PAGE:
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RE: System/34


  • Subject: RE: System/34
  • From: "Max Eskin" <maxeskin@xxxxxxxxxxx>
  • Date: Sat, 21 Feb 1998 13:19:08 PST

fixed

I don't want to encourage this that much, but I will comment on the
various differences that are obvious to me. First, IBM made the
System/34 rock solid, and made the PC a piece of manure, intentionally.
The PC was never meant to be a server, just to do simple tasks like
word processing. So when you use a PC as a server, you will run into
problems, even if it is a "server model". The architecture is not as
reliable. AFAIK, Alpha and 680x0 ports of NT are worse than Intel 
versions.

Secondly, when you have 200 users, you may have problems that you 
wouldn't
have with 30. Bugs show themselves much more readily in those 
conditions.
Also, a 34 ran several hundred times slower than a modern server, and
therefore was less subject to imperfections in the materials, EM flukes,
and so on.

The next point is that NT costs several hundred dollars, and several
thousand for a site license. Either way, it is less than a System/34.
The quality is adjusted accordingly.

The next hit is that most computer products are not made with the user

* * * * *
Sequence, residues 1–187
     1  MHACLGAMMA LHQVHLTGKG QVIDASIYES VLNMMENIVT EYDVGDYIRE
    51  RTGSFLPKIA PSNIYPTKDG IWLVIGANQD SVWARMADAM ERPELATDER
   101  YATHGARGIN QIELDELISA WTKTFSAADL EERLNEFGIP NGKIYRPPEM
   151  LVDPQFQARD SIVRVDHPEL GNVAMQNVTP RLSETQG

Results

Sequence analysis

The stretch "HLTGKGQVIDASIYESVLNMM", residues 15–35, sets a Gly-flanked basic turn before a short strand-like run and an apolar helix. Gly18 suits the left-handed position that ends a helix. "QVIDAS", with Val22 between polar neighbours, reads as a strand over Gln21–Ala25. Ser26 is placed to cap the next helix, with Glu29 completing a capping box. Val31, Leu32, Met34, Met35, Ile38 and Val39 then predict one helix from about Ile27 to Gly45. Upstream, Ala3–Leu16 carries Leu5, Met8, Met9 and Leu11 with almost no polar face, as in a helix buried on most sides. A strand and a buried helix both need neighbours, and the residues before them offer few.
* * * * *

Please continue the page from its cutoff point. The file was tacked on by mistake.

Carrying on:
in mind, but NT tries to circumvent experience with "ease of use",
GUIs, help files, etc. which decreases USER performance as they try
to figure out how to do something that the GUI did not take into
account.

Of course, publishers and so on just need to get work done, and it is
natural to prefer NT and learn very little, just get to work, than
learn a complex system. I agree with that completely.

Also, Microsoft is known for "crapware", and some of NT is that. Not
all. So, NT is probably less stable, but Linux is better than NT, as
far as I have heard. It's all more commercial and industrial and
economic than technological. That is, if things were they way they
should be, we wouldn't have this discussion.

Just my $0.02
>
>I think the comparison was simply a shot at NT's reliability. For those 
of
>us who think that is a major factor that doesn't seem to enter into the
>equation often enough, it's fun to occasionally point it out.
>
>By the way, several months back the Gartner Group published a report on 
NT
>stating the same thing. These guys are far from being friends of IBM. 
>
>> Peace, 
>>  
>> -- Don
>
>
>
>Chris Rehm
>Mr.AS400@ibm.net
>
>How often can you afford to be unexpectedly out of business?
>Get an AS/400.
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